CALIFORNIA | LOCAL
March 18, 2010 |
Republican attorney general candidate John Eastman has chosen the job description he will show voters on the June ballot: assistant attorney general. What he isn't saying, though, is that he is an assistant attorney general in South Dakota. Eastman resigned as dean of the Chapman University School of Law in Orange in January. But he opted to use a title given to him for a case he's working on in South Dakota. His opponents in the GOP primary contest are crying foul. "Eastman's cynical move makes a mockery of the ballot designation system.
July 19, 2009 |
Dear Alana: I "accidentally" saw a colleague's pay stub. We have the same job title, similar backgrounds and have worked at the company for the same amount of time, but she makes significantly more than I do. Is there any way I can discuss this with my manager without getting myself in trouble for snooping? Mona in Los Angeles Dear Mona: I should tell you that snooping is bad and you should be troubling yourself about your nosy habits, not your pay stub.
April 12, 2009 |
For a visionary, Kurt Andersen is keeping it pretty low-key. The writer is sitting quietly in blazer and jeans in front of a class at Pasadena's Art Center College of Design. He's not just a visiting professor but the school's visionary in residence. The class' students, with their retro hats, black duds and horizontal stripes, could be making a French New Wave film or rehearsing the latest edition of the Yeah Yeah Yeahs.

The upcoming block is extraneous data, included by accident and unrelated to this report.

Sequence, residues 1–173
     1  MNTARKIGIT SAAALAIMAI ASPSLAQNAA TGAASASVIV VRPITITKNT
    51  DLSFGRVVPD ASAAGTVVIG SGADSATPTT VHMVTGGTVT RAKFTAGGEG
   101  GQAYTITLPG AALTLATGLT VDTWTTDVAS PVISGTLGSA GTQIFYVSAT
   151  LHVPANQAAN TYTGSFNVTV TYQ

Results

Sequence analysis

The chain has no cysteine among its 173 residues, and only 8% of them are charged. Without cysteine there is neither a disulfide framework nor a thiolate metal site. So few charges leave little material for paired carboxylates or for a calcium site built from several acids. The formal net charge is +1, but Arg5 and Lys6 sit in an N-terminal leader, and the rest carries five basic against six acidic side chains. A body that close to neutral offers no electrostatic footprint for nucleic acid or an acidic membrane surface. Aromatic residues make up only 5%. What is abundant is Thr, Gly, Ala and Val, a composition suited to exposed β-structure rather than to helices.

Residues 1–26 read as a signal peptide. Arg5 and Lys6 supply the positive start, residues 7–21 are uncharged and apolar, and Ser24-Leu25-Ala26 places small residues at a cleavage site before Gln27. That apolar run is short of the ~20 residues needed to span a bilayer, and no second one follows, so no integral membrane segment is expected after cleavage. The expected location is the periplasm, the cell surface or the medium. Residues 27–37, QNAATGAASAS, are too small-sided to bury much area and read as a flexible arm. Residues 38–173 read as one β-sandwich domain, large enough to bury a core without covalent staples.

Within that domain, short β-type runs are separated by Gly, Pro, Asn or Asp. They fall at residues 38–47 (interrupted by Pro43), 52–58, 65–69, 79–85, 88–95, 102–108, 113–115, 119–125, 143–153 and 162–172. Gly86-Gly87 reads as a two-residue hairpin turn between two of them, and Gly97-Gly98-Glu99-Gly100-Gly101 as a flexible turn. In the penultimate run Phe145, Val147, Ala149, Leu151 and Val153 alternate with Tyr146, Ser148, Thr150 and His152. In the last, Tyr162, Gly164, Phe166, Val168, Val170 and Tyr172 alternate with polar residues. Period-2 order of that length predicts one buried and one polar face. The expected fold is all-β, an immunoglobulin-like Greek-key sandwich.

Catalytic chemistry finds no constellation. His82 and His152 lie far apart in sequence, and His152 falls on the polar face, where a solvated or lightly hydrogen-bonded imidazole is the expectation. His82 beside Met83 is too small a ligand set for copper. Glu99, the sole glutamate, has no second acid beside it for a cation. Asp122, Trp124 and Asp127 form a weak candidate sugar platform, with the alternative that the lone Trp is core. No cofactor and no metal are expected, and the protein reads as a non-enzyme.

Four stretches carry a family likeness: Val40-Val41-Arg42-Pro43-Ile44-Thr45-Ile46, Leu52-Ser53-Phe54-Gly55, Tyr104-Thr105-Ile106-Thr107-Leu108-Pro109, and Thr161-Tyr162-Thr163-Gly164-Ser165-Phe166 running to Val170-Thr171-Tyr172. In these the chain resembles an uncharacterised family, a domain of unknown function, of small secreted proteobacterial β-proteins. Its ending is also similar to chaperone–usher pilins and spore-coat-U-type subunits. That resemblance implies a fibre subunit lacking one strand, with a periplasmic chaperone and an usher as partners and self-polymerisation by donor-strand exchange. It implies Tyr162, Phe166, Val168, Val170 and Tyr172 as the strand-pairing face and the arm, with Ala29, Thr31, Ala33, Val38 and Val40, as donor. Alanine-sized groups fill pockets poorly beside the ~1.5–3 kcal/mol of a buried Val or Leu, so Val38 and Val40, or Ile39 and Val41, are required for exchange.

December 1, 2006 |
Drug company agents, who say they routinely work 60-hour weeks visiting doctors' offices, said Thursday that they had sued Pfizer Inc., Johnson & Johnson and six other drug companies for failing to pay overtime. The lawsuits, which could involve tens of thousands of U.S. employees, add the pharmaceutical industry to other sectors that have been accused of giving rank-and-file workers managerial-like job titles to avoid paying overtime.
CALIFORNIA | LOCAL
May 17, 2006 |
On the June 6 primary ballot, Michelle Steel is identified as a deputy to a member of the powerful tax board on which she is seeking a seat. It is a job title that political analysts say is likely to help her win votes. But Steel held the job for only three months. In the meantime, the man she replaced was demoted, took a salary cut, and found a second job: working for the Steel campaign.
November 12, 2000 |
Who: Stephen Dinger Company: Washington Council for Private Education Age: 49 Has held title for: One year Previous title: President, Washington Federation of Independent Schools In private-school circles, innovation is a hot topic. But how do you anticipate the needs of private institutions and support schools that are willing to take risks? Stephen Dinger, executive cheerleader for the Washington Council for Private Education, an advocacy group based in DuPont, Wash., has a few answers.